Along with the tortillas, mole and carnitas, I made guacamole, roasted tomato salsa, salsa verde cruda (raw green tomatillo sauce) and a creamy avocado salsa. Neighbors brought shrimp tamales, a multi-layered bean dip, roasted poblano crema, and lots and lots of beer and we made micheladas too. Micheladas are wonderfully refreshing and a great way to drink that beer. Recipes are here...they're great in the summer and you really ought to try them.

So who needs mediocre Mexican restaurants when food this good can be prepared at home?

Wednesday, May 13, 2009

Happy World Cocktail Day

Yes, folks, raise a glass - today is World Cocktail Day, the culmination, as it were, of World Cocktail Week.

It's a bit early for me to be having that cocktail, and I prefer to wait for Significant Eater since I don't really like to drink alone - well, unless I have to.

So, what'll it be? An Aviation perhaps, with that great funky sweet and sour hit of Maraschino and lemon? Maybe a nice, tart Daiquiri or Margarita, all limey and tropical? How about the bitter side and my favorite, Campari. A good Negroni is one of the world's great cocktails, with lots of permutations depending on what gin and/or vermouth you're using. I like Beefeater or Plymouth for my gin, and Carpano Antica Sweet Vermouth for my, well, sweet vermouth.

My recipe for a good Negroni goes something like this. Take a double old-fashioned glass and fill it with ice. Add equal parts of gin, sweet vermouth, Campari. Perhaps a few drops of orange bitters. Garnish with a good hunk of orange peel. If you want to fancy it up, stir it up in a mixing glass with lots of cracked ice and strain into chilled cocktail glasses - go crazy and ignite the orange peel in front of everyone - if you can...

I digress. If you want something with brown spirits, how about a Manhattan? I've talked about those before. Or a Mint Julep? If I had mint growing in my backyard, I'd be thinking about that. Sazeracs are good, aren't they? The list goes on and on.

But, after giving it some thought, I think SE and I will be raising our glasses with that classic of classics, the Martini. But taking the Martini one step further - into a drink called the Fitty-Fitty, which we first sampled at NYC's Pegu Club. It's just like it sounds; 50 - 50 or half gin, half dry vermouth. Tanqueray, Plymouth or Beefeater all work. Please have something at least as good as Noilly Prat for your dry vermouth (it's makes up half your drink), and if it's more than a month or two old, or out of the refrigerator for a while, throw it out because it will just ruin your drink. Buy some Dolin or Vya and see what they do for a cocktail. A dash or two of orange bitters (I actually like 3 or 4) makes it sing. Stir, stir, stir some more over lots of cracked ice and then strain into an icy cocktail glass. Lemon twist is the garnish for the 50-50, but a Martini can take an olive instead, if you like.

Happy World Cocktail Day!

Friday, May 8, 2009

Spring Greens...and Purples...and Reds...and

Just a day or two ago, the Union Square green market was ablaze - not only with green, but with flowers like the lilacs and the purple tipped asparagus above, as well as any number of young, tender spring vegetables that are always an inspiration to me as a cook. Let's take another look at that asparagus...and radishes...and ramps...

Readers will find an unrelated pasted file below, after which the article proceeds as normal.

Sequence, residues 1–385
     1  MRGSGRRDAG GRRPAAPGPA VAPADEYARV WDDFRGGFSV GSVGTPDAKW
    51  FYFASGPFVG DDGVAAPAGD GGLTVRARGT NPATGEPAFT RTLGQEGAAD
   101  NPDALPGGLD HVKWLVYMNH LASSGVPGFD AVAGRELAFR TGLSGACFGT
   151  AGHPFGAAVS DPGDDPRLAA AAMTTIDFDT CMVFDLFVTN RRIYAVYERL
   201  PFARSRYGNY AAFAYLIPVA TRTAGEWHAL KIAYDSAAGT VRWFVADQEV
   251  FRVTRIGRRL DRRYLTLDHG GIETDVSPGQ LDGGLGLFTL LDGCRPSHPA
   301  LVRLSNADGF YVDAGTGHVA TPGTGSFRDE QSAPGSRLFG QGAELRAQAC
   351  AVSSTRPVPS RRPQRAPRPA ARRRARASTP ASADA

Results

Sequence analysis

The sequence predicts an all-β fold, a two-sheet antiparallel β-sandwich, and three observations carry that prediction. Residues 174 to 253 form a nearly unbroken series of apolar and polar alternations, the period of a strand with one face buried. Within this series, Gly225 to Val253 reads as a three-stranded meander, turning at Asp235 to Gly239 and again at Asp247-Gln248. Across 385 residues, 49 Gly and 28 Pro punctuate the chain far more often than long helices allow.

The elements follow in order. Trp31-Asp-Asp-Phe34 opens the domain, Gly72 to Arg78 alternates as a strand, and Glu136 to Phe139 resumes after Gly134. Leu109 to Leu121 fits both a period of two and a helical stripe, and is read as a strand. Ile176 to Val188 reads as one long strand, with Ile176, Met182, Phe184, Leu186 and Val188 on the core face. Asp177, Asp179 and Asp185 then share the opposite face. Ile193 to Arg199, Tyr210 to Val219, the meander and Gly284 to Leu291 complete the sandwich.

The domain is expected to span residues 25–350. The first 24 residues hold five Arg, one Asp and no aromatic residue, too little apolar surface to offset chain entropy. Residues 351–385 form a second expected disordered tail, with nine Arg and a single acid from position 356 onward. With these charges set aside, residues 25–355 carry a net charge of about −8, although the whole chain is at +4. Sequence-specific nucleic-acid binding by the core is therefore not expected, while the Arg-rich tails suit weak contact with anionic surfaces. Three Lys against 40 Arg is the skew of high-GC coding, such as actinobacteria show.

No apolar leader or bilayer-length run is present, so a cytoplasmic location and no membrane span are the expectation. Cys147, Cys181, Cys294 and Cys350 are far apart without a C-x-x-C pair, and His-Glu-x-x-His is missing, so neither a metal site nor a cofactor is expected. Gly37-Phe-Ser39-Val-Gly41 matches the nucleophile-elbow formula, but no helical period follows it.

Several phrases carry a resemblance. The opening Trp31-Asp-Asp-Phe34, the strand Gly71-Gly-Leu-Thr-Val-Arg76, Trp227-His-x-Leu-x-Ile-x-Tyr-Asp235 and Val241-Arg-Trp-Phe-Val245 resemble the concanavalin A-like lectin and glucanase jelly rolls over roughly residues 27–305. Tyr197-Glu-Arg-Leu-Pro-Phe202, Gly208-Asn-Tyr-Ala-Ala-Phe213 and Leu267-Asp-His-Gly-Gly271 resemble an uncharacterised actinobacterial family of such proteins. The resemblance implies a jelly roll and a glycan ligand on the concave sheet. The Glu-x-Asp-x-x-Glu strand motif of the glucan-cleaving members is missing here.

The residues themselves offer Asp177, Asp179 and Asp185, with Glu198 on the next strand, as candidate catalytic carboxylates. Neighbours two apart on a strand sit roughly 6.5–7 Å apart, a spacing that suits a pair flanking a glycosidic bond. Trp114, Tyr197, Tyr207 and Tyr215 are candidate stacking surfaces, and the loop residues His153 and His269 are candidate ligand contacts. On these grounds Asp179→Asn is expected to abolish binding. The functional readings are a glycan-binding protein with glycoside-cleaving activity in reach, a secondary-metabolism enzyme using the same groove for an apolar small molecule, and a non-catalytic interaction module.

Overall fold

And here's what I like to do with them. First of all, as little as possible - remember, these are delicate young vegetables, and they don't need a whole heck of a lot to make them delicious. One of my inspirations for preparing vegetables has been the restaurants Lupa and Otto. At each of these wonderful places, there are usually any number of vegetable antipasti, some prepared just like I've done the asparagus and radishes. First off, notice I've trimmed the asparagus (to about a 6" length) and peeled the bottom 2". Cooking school will do that to you. Then, slice the vegetables very thinly (if you slice the asparagus on an acute diagonal, it will look very cool). Next, toss the vegetables with a bit of kosher salt about an hour before they'll be served - this serves to draw out some of the water and partially "cooks" the vegetable as well.

When ready to serve, blot the vegetable dry - you'll be surprised at how much water has leeched out, and that water tastes like, well, salt water. Then, give them a toss with some good extra virgin olive oil, lemon juice, salt and pepper - taste and make sure they're good. Sometimes, I'll top the salads with a bit of shaved pecorino or shaved parmesan; others just a sprinkling of crunchy sea salt for contrast. Maybe a bit of be the judge. This is what I ended up with the other day...crudi of asparagus and radishes.

For the ramps, I decided to do a little riff on a favorite pasta, spaghetti aglio e olio e peperoncino, or spaghetti with garlic, olive oil and hot chili pepper, substituting the ramps for the garlic. So, once the heavily salted water is rolling and you've added the pasta, saute the thinly sliced ramps in a couple of tablespoons of olive oil, adding a 1/2 teaspoon of chili pepper flakes or to taste.

When the pasta is almost al dente, toss it in the pan with the ramps and oil - save a good cup of the pasta cooking water, though. I never drain pasta by dumping it into a colander; instead, I remove long pasta with tongs directly into the saucepan and if I'm cooking penne or some similar shape, I remove the pasta with a Chinese bamboo strainer right into the pan.